By Jake Donovan
When Odlanier Solis and Vitali Klitschko appeared on the same card in Germany in October 2008, the night marked a ring return for the latter after a near four-year hiatus.
Klitschko looked like he hadn’t missed a beat, systematically picking apart Samuel Peter en route to an eighth-round stoppage to reclaim his old alphabet belt.
Solis appeared on the undercard, tearing through experienced American journeyman Chauncey Welliver in nine one-sided rounds for his 12th win in a pro career just 18 months young.
The night served as the last time Solis has appeared in a ring in Germany, the same country he called home after fleeing from his native Cuba in late 2006, and the same country where he fought his pro debut in April 2007.
Upon leaving the O2 Arena that evening, Solis knew two things: he’d once again fight in Germany, and he’d one day face Vitali Klitschko in a heavyweight title fight.
One thing that he didn’t believe would be the case: that either instance would take so long.
“I’ve been ready for a shot at the heavyweight title ever since I left Cuba,” boasts Solis (17-0, 12KO), whose fast track to a title shot apparently wasn’t even fast enough for a man who still hasn’t reached his four-year anniversary as a pro.
Nevertheless, his longtime dream has come true, as he and the elder Klitschko are signed, sealed and set to square off on March 19 at the Lanxess Arena in Cologne, Germany.
The fight comes at a dire time for the heavyweight division, once the most celebrated in the sport (if only for its marquee value) but in recent years serving as the butt of most jokes. The past 12 months in particular were among the lowest for the division in quite some time, with not a single notable heavyweight title fight taking place.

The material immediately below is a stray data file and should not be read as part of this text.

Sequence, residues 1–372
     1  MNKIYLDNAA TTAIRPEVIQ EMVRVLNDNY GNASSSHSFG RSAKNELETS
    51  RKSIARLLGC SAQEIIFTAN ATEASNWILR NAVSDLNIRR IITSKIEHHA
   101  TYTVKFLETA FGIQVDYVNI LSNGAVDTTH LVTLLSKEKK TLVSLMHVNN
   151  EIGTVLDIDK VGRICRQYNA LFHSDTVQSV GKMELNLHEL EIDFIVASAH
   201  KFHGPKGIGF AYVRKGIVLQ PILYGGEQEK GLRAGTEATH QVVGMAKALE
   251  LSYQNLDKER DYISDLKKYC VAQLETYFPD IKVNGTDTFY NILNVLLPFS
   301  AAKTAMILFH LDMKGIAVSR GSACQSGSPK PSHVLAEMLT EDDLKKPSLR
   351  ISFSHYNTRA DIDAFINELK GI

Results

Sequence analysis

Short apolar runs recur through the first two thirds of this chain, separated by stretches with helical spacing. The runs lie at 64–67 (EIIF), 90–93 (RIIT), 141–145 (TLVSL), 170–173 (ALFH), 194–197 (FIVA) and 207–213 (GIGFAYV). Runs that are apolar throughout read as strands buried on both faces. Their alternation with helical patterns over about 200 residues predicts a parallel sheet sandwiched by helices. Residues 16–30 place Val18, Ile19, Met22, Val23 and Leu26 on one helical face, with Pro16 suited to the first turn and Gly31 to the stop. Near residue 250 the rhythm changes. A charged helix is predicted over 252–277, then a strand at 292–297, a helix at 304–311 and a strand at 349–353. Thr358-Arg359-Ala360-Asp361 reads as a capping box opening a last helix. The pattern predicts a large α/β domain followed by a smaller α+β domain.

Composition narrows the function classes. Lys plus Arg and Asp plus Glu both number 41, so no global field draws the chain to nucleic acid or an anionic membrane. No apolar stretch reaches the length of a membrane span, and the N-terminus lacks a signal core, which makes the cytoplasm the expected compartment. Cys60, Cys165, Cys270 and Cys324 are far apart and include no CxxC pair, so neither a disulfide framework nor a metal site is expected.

Between the Klitschko brothers and David Haye, there took place six fights that carried the “heavyweight title” label. A grand total of none of them came with even the slightest semblance of suspense, which only further accentuated the failure of securing a fight at the very top level of the division – namely either Klitschko versus Haye, a running joke that has not only managed to extend into the New Year, but come with a brand new twist.
Needless to say, the division could use some good news for a change. So, too, could Solis, who didn’t exactly enjoy a banner year in 2010.
The Cuban defector, along with former amateur teammate Yuriorkis Gamboa, has always been celebrated for his elevated level of competition at a point in his career when most others are still feeling their way around and are often treated with kid gloves by their handlers.
Such ambitious matchmaking for Solis led to 15 wins in as many fights against opponents with a combined record of 300-87-14 at the time face them.
So ready did his handlers believe Solis was for heavyweight contention that he was matched up against then-unbeaten Kevin Johnson for a bout slated for October 2009, just 2 ½ years into his pro career.